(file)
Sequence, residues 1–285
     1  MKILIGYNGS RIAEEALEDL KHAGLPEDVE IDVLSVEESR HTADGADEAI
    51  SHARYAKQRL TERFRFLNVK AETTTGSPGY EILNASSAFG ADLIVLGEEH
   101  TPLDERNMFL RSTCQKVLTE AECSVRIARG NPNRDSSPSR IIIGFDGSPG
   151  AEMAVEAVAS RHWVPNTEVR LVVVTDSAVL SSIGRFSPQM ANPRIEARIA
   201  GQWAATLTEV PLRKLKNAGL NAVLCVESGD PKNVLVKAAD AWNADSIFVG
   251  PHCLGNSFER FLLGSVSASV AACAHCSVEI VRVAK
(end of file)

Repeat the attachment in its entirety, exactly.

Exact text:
Sequence, residues 1–285
     1  MKILIGYNGS RIAEEALEDL KHAGLPEDVE IDVLSVEESR HTADGADEAI
    51  SHARYAKQRL TERFRFLNVK AETTTGSPGY EILNASSAFG ADLIVLGEEH
   101  TPLDERNMFL RSTCQKVLTE AECSVRIARG NPNRDSSPSR IIIGFDGSPG
   151  AEMAVEAVAS RHWVPNTEVR LVVVTDSAVL SSIGRFSPQM ANPRIEARIA
   201  GQWAATLTEV PLRKLKNAGL NAVLCVESGD PKNVLVKAAD AWNADSIFVG
   251  PHCLGNSFER FLLGSVSASV AACAHCSVEI VRVAK